Remember when NYC Mayor Michael Bloomberg started sounding like O’Brian from Orwell’s 1984?

“We’re not taking away anybody’s right to do things, we’re simply forcing you to understand that you have to make the conscious decision to go from one cup to another cup,” (Mayor Michael Bloomberg, NBC with Andrea Mitchell, May 31, 2012).

Why won’t you come to your senses, Winston? Why won’t you see the light on The Party? Why do you resist?

It turns out a judge in New York sees in Michael Bloomberg the same kind personality traits that would lead a man to torture his fellow citizens in order to “cure” them of their insanity (‘insanity’ being defined as a love for freedom).

The Wall Street Journal reports:

The city is “enjoined and permanently restrained from implementing or enforcing the new regulations,” New York Supreme Court Judge Milton Tingling decided one day before the sales limits would have taken effect. The city’s chief counsel, Michael Cardozo, pledged to “appeal the ruling as soon as possible.”

In halting the rules, Judge Tingling noted that the incoming sugary drink regime was “fraught with arbitrary and capricious consequences” that would be difficult to enforce with consistency “even within a particular city block, much less the city as a whole.”

“The loopholes in this rule effectively defeat the stated purpose of the rule,” the judge wrote.

Under a first-of-its-kind prohibition approved by the city Board of Health last year, establishments from restaurants to mobile food carts would have been prohibited from selling sugary drinks larger than 16 oz. After a three-month grace period, the city would have started fining violators $200 per sale.

The city rules, set to take effect on March 12, didn’t include convenience stores, such as 7-Elevens, and supermarkets, both of which are regulated by the state government.

Tyrants in the civilized world realized that the old school method of oppressing people through brute force alone was generally a loser for all parties. They came up with a better idea: Tyranny through regulatory water torture. In Michael Bloomberg’s case you could call it regulatory soda torture.

Drip. Drip. Drip. The master minds come up with new regulations every day. Thousands of federal regulations are added every year. In fact, there are so many regulations that law enforcement agencies can’t even enforce them all, and honest citizens often don’t even know they’re breaking the law — until the feds show up.

Meanwhile, loopholes in laws allow the masterminds to play king maker. 7-Eleven (with your Big Gulps), you’re exempt. Ma and Pa pizza joint? Nope. Grocery store chain with deep pockets, you’re exempt. Small business guy with a bowling alley? Sorry. Throw out thousands of dollars worth of cups because if you don’t we’re going to slap you with hefty fines.

The great thing about regulatory water torture (from the tyrant’s perspective) is that individually these laws don’t anger people to action. In fact, if they’re targeted correctly, the affected constituency is too small to put up a fight, while the rest of the community either shrugs its shoulders or actually believes the stated intentions of the laws trump the slice of individual liberty they shave off.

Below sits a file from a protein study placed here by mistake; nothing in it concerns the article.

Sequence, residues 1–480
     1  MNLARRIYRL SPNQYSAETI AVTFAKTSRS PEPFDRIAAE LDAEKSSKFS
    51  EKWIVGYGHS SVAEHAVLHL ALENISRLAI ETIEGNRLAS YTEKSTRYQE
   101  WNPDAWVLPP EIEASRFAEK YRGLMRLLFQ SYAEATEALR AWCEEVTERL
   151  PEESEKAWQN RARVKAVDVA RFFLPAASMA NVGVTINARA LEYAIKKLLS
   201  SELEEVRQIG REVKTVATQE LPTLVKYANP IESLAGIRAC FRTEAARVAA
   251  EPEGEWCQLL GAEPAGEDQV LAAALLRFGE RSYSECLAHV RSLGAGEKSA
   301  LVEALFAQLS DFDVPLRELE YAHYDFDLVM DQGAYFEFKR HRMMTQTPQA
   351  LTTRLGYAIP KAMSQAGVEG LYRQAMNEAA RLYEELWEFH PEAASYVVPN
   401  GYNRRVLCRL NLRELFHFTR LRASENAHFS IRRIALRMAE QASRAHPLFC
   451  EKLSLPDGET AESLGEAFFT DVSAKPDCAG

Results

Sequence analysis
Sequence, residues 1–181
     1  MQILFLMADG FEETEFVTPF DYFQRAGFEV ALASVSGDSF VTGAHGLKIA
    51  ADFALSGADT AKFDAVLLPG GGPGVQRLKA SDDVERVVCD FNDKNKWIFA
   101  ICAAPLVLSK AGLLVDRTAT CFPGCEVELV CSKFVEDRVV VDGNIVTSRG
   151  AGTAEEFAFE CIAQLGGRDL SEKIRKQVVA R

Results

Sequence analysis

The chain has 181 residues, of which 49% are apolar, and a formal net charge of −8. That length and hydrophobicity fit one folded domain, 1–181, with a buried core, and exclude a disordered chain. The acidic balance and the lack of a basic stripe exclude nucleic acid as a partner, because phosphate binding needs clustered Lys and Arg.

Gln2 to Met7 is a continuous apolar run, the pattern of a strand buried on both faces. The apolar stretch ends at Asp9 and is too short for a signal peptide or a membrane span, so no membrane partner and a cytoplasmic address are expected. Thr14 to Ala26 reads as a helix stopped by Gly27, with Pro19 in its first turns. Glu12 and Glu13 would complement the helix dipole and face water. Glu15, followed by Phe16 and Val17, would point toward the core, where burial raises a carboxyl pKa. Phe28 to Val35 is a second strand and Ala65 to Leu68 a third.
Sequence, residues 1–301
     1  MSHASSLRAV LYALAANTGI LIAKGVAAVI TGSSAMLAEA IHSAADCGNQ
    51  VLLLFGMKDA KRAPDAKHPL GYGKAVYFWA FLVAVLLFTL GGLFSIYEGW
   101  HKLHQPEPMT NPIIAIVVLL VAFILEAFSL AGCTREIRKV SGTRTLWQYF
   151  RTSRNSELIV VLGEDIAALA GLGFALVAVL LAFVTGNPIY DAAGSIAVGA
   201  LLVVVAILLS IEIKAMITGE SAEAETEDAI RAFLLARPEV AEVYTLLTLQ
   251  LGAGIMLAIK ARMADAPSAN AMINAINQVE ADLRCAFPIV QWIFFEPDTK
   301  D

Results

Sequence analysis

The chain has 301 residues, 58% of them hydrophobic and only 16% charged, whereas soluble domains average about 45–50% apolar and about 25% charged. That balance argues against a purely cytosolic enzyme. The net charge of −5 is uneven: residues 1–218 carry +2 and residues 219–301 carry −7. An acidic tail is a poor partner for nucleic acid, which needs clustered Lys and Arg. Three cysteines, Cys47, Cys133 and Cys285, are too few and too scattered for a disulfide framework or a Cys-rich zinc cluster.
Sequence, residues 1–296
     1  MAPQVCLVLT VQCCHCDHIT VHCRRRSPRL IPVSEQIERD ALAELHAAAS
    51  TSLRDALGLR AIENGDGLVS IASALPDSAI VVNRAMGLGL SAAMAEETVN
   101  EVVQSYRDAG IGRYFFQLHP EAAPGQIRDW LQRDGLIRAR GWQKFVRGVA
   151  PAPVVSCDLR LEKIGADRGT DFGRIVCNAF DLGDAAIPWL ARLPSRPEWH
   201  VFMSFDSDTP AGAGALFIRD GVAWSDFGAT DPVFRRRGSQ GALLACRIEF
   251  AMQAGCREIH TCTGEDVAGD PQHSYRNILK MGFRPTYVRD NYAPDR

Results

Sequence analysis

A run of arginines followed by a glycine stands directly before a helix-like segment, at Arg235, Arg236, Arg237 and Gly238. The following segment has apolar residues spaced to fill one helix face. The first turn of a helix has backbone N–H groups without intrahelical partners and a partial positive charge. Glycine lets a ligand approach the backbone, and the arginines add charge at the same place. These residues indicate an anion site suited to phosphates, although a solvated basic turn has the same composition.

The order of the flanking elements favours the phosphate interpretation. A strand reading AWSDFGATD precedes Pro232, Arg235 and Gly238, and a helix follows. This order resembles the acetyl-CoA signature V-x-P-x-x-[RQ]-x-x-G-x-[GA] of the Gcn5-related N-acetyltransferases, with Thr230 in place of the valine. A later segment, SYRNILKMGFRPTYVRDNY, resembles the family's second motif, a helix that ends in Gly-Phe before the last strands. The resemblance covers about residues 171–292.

But what happens over time, in the aggregate, is that you get a nation of infant-zombies. They can’t act or think for themselves, because someone else has always done so for them. They don’t think big, because their bureaucratic overlords only allow them to think small (no ideas greater than 16 ounces, Herr Citizen). They think they’re powerless to control their own destiny, so they gravitate to the shiniest goodie that is held out in front of them during election season. The law is arbitrarily enforced because there are simply too many to keep track of, that the more intelligent members of the population lose faith in the rule of law and the overall system. Civil society erodes.

And then we have the kind of polarized country you’re seeing unfold before us.

A new movement is in the making, and it has nothing to do with political parties. It’s not about Republicans or Democrats, because they both have failed us. It’s about liberty vs. tyranny.

Many Americans don’t realize this yet, but they will in time. And today in New York, one judge stood on the side of liberty.

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About the Author Douglas Ernst

I'm a former Army guy who believes success comes through hard work, honesty, optimism, and perseverance. I believe seeing yourself as a victim creates a self-fulfilling prophecy. I believe in God. I'm a USC Trojan with an MA in Political Science from American University.

2 comments

  1. I’m glad that he shot down the ban. What irks me is why people in NYC continue to vote Bloomberg back in office… he’s basically a big government tyrant.

    1. New York is a lot like Cali, my friend. They’re gone. They got hooked on the government dependency drug years ago, and like all addicts they just can’t give it up.

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